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Class or struct

It will be our C++ style in this course to prefer class to struct unless all members are data members with public access.
It will also be our style to use access keywords explicitly and to place public members first and private members last. We call this the "need to know" style, because everyone needs to know the public interface, but only the class provider needs to know the private implementation details.

A class is an expanded concept of a data structure: instead of holding only data, it can hold both data and functions.
An object is an instantiation of a class. In terms of variables, a class would be the type, and an object would be the variable.
Classes are generally declared using the keyword class, with the following format:

class class_name {
  } object_names;

Where class_name is a valid identifier for the class, object_names is an optional list of names for objects of this class. The body of the declaration can contain members, that can be either data or function declarations or access specifiers.
The difference is we can now include also functions and members, but also this new element called access specifier.
An access specifier is one of the following three keywords:
  1. private,
  2. public,
  3. or protected.

Base Classes and Derived Classes

Often, an object of one class is an object of another class, as well. For example, in geometry, a rectangle is a quadrilateral (as are squares, parallelograms and trapezoids). Thus, in C++, class Rectangle can be said to inherit from class Quadrilateral. In this context, class Quadrilateral is a base class, and class Rectangle is a derived class. A rectangle is a specific type of quadrilateral, but it is incorrect to claim that a quadrilateral is a rectangle, the quadrilateral could be a parallelogram or some other shape. Figure 2-11 lists several simple examples of base classes and derived classes.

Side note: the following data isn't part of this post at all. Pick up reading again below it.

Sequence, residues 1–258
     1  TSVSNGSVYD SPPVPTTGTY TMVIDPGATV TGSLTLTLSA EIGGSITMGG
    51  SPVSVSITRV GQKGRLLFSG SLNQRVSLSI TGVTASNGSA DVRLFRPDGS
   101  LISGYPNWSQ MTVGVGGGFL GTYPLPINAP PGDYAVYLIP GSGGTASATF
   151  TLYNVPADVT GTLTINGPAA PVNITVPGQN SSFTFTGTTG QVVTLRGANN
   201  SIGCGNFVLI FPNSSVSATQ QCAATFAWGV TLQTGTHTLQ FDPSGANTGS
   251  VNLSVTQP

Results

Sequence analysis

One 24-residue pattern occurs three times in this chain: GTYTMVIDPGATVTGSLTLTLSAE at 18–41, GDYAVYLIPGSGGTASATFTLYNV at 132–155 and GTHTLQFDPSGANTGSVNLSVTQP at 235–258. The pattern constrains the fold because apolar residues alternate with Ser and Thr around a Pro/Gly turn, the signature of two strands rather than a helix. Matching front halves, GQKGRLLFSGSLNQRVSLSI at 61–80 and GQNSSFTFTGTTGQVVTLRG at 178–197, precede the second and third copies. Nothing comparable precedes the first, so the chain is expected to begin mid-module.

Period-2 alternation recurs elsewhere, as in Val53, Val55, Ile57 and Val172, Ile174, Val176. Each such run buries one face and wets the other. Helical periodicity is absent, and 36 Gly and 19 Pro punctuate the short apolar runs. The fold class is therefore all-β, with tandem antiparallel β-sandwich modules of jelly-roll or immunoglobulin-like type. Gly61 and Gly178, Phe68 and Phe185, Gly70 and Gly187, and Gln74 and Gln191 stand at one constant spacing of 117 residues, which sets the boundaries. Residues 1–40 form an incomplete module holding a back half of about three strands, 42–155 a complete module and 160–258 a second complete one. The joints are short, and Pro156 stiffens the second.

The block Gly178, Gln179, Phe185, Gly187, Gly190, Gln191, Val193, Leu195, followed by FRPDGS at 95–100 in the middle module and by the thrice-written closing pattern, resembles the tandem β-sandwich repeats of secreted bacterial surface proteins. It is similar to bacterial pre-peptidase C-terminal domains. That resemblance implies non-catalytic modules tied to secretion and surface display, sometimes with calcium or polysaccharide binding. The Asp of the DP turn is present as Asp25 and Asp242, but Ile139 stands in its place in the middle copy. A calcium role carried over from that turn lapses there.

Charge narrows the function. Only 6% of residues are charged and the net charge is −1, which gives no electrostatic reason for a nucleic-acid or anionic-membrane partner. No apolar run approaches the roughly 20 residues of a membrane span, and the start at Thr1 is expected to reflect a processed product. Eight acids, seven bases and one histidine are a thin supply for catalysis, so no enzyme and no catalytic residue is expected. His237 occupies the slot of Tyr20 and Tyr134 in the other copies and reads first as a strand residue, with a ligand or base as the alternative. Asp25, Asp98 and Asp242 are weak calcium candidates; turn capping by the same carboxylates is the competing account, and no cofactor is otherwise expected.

Figure 2-11: Inheritance examples

Because every derived-class object is an object of its base class, and one base class can have many derived classes, the set of objects represented by a base class typically is larger than the set of objects represented by any of its derived classes. For example, the base class Vehicle represents all vehicles, including cars, trucks, boats, airplanes, bicycles and so on. By contrast, derived class Car represents a smaller, more specific subset of all vehicles. Inheritance relationships form treelike hierarchical structures. A base class exists in a hierarchical relationship with its derived classes. Although classes can exist independently, once they are employed in inheritance relationships, they become affiliated with other classes. A class becomes either a base class, supplying members to other classes, a derived class, inheriting its members from other classes, or both. Let us develop a simple inheritance hierarchy with five levels (represented by the UML class diagram in Fig. 2-12). A university community has thousands of members.
Figure 2-12: Inheritance hierarchy for university CommunityMembers
These members consist of employees, students and alumni. Employees are either faculty members or staff members. Faculty members are either administrators (such as deans and department chairpersons) or teachers. Some administrators, however, also teach